Fitch expects government debt/GDP to stabilise at just over 95% in 2019-2020 and to decline gradually to 2022. Government debt/GDP continued to rise in 2018, to 93% from 88% in 2017. The 2018 government debt figure includes BHD952 million (6.6% of GDP) of liabilities to the central bank and USD2.2 billion (6% of GDP) from the first instalment of the Gulf support package. Without these two items government debt/GDP was 80.4% at end-2018. The government could attempt to monetise state assets, notably parts of Mumtalakat Holding Company. Mumtalakat has a portfolio of assets with a balance sheet value of around 40% of GDP. A large oil discovery in 2018 may bring further fiscal respite when developed in around five years.
For 2019-2020 we forecast average real GDP growth of 2.6%, down from an average of 3.6% in 2013-2018). We assume the hydrocarbons sector to remain flat and for non-oil growth averaging just above 3%, supported by project activity related to state-owned companies (in oil, gas, and aluminium), GCC Development Fund awards and other private sector investment.
Political fault lines, both domestic and regional, will continue to be a source of tension in Bahrain. Lack of reconciliation between the government and the predominantly Shia opposition presents a degree of political risk. Fitch's baseline assumption is that Bahrain's security forces will continue to prevent the sort of escalation of domestic tensions that would materially affect economic stability.
SOVEREIGN RATING MODEL (SRM) and QUALITATIVE OVERLAY (QO)
Fitch's proprietary SRM assigns Bahrain a score equivalent to a rating of 'BB' on the Long-Term Foreign-Currency (LT FC) IDR scale.
Fitch's sovereign rating committee adjusted the output from the SRM to arrive at the final LT FC IDR by applying its QO, relative to rated peers, as follows:
- External Finances: +1 notch, to reflect the boost to external financing flexibility from strong GCC support, which more than outweighs the very low level of foreign reserves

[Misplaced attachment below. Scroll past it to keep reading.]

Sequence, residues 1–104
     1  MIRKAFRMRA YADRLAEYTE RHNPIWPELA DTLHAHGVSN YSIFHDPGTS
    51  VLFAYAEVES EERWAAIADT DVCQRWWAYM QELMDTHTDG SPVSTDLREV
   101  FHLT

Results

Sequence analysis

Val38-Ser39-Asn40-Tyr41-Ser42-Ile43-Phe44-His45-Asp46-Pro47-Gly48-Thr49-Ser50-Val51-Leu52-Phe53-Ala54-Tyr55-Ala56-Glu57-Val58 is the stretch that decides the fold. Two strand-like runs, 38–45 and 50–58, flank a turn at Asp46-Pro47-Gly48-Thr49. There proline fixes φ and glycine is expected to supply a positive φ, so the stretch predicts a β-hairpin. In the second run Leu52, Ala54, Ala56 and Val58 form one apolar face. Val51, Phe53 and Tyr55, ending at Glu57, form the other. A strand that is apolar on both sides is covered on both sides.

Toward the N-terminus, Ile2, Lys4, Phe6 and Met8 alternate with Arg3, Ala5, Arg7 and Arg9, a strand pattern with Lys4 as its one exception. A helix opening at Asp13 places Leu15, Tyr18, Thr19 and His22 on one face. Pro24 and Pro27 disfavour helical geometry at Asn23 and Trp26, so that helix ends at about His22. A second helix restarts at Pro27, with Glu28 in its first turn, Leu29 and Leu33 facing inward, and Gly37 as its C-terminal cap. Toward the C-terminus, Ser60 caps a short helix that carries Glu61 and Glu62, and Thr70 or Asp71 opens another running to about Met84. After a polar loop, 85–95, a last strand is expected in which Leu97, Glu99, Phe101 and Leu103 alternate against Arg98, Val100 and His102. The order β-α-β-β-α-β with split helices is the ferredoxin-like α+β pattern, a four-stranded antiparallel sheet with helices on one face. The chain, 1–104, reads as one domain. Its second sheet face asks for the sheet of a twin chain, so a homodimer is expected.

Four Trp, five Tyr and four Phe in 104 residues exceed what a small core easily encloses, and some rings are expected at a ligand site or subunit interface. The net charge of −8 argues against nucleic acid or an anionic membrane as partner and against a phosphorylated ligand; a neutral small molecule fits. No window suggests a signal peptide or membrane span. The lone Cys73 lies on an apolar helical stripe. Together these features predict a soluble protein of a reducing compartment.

- Public Finances: -1 notch, to reflect low revenue mobilisation, expenditure rigidities, the high fiscal breakeven oil price (forecast at USD91/b in 2019) and the high level of government debt.
- Structural Features: -1 notch, to reflect the political and social constraints on fiscal policy, which have prevented the government from cutting expenditure more rapidly and make it harder to use GDP per capita for generating more substantial diversified revenue.
Fitch's SRM is the agency's proprietary multiple regression rating model that employs 18 variables based on three-year centred averages, including one year of forecasts, to produce a score equivalent to a LT FC IDR. Fitch's QO is a forward-looking qualitative framework designed to allow for adjustment to the SRM output to assign the final rating, reflecting factors within our criteria that are not fully quantifiable and/or not fully reflected in the SRM.
The main factors that could lead to positive rating action are:
- Confidence in a narrowing of the budget deficit consistent with placing government debt-to-GDP on a firm downward path.
- A broadly accepted political solution to domestic political tensions.
The main factors that could lead to negative rating action are:
-Further significant deterioration of debt dynamics, combined with increased financing constraints.
- Severe deterioration of the domestic security environment.
- Brent crude will average USD65/bbl in 2019 and USD62.5/bbl in 2020.
- No change to the rule of the royal family.
- Regional conflicts will not directly impact Bahrain or its ability to trade.
- No change to the peg of the Bahraini dinar to the US dollar.
The full list of rating actions is as follows:
Long-Term Foreign-Currency IDR affirmed at 'BB-'; Outlook Stable
Long-Term Local-Currency IDR affirmed at 'BB-'; Outlook Stable
Short-Term Foreign-Currency IDR affirmed at 'B'
Short-Term Local-Currency IDR affirmed at 'B'
Country Ceiling affirmed at 'BBB-'
Issue ratings on long-term senior unsecured foreign-currency bonds affirmed at 'BB-'
Issue ratings on long-term senior unsecured local-currency bonds affirmed at 'BB-'
Issue ratings on short-term senior unsecured local-currency bonds affirmed at 'B'
Issue ratings on the sukuk trust certificates issued by CBB International Sukuk Company 5 and 6 and 7 affirmed at 'BB-'
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Additional information is available on
Country Ceilings Criteria (pub. 19 Jul 2018)
Sovereign Rating Criteria (pub. 19 Jul 2018)
Sukuk Rating Criteria (pub. 25 Jul 2018)